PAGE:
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Through Our Partnership With C-COP We Will Continue Our Work To Improve Conditions And Safety For Residents In And Around NYCHA

As we continue to partner with Community Groups that are working to make NYC a safer and better place to live the Hip-Hop Summit Youth Council would like to congratulate Danny Barber-Walker for his election victory to Chair the City-Wide Council of Presidents (C-COP).  This powerful and influential group represents over 400,000 residents in 326 developments.  In all the years we have known about C-COP we have yet to see the group operate at its full potential.  Is Danny Barber-Walker the Chairman that’s finally going to shake things up and find justice for the residents?  The New York City Housing Authority (NYCHA) is the largest Public Housing Development in the nation and has great potential to be a model for the country, but the right leadership from NYCHA and C-COP working together is needed.  It is our hope that with Danny at the helm we can finally get to the bottom of the problem.

For years NYCHA has been neglected by a host of government agencies and it seems that no matter who is Mayor the problem is passed from one administration to the next.  Is this a federal government problem?  What role does the state and city play?  When you have an agency that has been underfunded and mismanaged for decades you can’t expect the problems to be solved over night.  More important, in order for real change to occur, the residents have to also step up to the plate and play a bigger role to protect their interest, just like students are doing around the country to address gun law reform.

Over the last 9 years the Hip-Hop Summit Youth Council has worked with several NYCHA management teams and tenant Groups on a host of initiatives to improve public safety and empower students, youth and young adults with the resources to succeed.  For several years we have worked directly with Tenant Presidents and C-COP to promote “Family Day” with support from our partners at Power 105.1 and “The Shark” Daymond John.  For NYCHA to succeed there is nothing more important than building Family Values and Community Unity.  At our meeting with Danny last year we discussed the issues outlined in the C-COP Lawsuit against NYCHA.  At that time it was just talk, but now C-COP has officially put those words into action.  It appears the group is going real hard to protect the rights of the residents, as well as save Public Housing.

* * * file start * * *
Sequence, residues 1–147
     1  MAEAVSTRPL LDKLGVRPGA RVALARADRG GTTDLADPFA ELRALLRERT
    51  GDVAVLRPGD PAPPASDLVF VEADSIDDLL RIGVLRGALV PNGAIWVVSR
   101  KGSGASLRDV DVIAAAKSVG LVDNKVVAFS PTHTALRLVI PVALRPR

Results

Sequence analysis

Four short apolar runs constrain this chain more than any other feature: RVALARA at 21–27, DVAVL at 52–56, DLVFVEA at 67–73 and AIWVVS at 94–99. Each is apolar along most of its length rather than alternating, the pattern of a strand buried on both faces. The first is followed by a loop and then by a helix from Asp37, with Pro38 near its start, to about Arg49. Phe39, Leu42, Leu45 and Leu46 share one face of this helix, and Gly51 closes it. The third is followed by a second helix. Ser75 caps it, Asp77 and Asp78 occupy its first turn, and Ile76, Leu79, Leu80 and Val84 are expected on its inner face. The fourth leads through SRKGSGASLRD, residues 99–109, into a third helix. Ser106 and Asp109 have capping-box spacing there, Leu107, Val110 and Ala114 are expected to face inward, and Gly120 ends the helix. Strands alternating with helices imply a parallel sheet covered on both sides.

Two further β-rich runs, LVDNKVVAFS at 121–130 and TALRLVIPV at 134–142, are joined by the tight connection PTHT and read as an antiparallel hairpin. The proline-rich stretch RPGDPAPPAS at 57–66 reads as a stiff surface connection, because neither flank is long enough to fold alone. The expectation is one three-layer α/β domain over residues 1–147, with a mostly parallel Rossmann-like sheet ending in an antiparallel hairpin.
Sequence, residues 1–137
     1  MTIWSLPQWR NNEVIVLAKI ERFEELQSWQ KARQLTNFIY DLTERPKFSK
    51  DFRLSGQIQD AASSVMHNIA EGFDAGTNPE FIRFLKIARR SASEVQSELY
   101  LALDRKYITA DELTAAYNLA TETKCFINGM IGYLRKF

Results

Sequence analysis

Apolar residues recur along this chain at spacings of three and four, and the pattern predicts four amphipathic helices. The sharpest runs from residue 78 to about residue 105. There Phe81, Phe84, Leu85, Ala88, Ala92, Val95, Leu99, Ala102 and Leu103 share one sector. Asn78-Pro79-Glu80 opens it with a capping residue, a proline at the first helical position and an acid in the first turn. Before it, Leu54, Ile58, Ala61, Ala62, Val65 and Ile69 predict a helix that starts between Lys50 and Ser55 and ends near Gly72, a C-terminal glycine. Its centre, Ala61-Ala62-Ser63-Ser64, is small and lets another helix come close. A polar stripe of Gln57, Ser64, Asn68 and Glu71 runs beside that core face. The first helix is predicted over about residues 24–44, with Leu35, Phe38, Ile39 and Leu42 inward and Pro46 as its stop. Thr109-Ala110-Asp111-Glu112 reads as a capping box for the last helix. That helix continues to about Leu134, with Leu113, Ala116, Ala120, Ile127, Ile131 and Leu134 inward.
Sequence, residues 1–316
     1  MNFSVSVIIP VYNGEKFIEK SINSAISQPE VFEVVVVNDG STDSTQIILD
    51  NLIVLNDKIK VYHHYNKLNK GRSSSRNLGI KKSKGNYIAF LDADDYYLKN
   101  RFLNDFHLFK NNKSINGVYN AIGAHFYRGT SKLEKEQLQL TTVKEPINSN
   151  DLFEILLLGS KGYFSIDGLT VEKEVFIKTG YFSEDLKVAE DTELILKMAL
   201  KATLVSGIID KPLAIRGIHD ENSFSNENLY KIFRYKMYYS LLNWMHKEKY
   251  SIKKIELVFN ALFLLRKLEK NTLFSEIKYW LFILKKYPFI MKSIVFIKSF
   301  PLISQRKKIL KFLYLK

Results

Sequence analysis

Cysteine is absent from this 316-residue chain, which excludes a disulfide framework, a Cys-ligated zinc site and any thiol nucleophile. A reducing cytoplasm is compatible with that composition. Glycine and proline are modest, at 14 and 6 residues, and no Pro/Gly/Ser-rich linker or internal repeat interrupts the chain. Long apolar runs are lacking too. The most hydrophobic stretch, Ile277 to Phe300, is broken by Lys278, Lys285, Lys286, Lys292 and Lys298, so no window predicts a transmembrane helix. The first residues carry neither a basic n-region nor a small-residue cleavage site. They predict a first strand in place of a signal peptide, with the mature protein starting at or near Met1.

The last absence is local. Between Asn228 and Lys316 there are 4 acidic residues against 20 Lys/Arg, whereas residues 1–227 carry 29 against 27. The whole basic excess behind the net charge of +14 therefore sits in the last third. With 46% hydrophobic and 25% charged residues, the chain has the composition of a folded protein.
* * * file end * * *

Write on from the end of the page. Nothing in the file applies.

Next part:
C-COP has an enormous amount of power and with Danny at the helm we are confident you will see a lot of changes at NYCHA.  We are committed, along with our partners, to do whatever we can to help C-COP do the job the residents voted them in to do.  This is not going to be an easy task, but we also know just how persistent Danny can be when it comes to fixing the problems that continue to stagnate the growth and development of NYCHA.

HHSYC with Danny Barber-Walker, kids and Power 105 Staff at the 2016 Family Day at Jackson Houses

HHSYC with Danny Barber-Walker, kids and Power 105 Staff at the 2017 Family Day at Jackson Houses in the Bronx

For this to happen C-COP will need the support of residents, students, parents, community leaders, clergy, local businesses, celebrities, elected officials and corporations.  You can be sure that the Hip-Hop Summit Youth Council will be there to lend a helping hand by addressing issues such as: Gun & Gang Violence, Sexual Abuse Against Women, the Heroin & Opioid crisis, Employment and Academic Failure.  If we all work as a team, we can come up with some real solutions to fix the problems, and stop playing the “Blame Game” that is partially responsible for the ongoing problems that continue to hold NYCHA back from being a great development for all tenants once again.

Written by Charles Fisher, edited by Randy Fisher.  For further info hit us up at: RandyKFisher@gmail.com or @HHSYC.


Tenants Sue New York City Housing Authority: ‘We Have Let Other People Speak for Us for Too Long’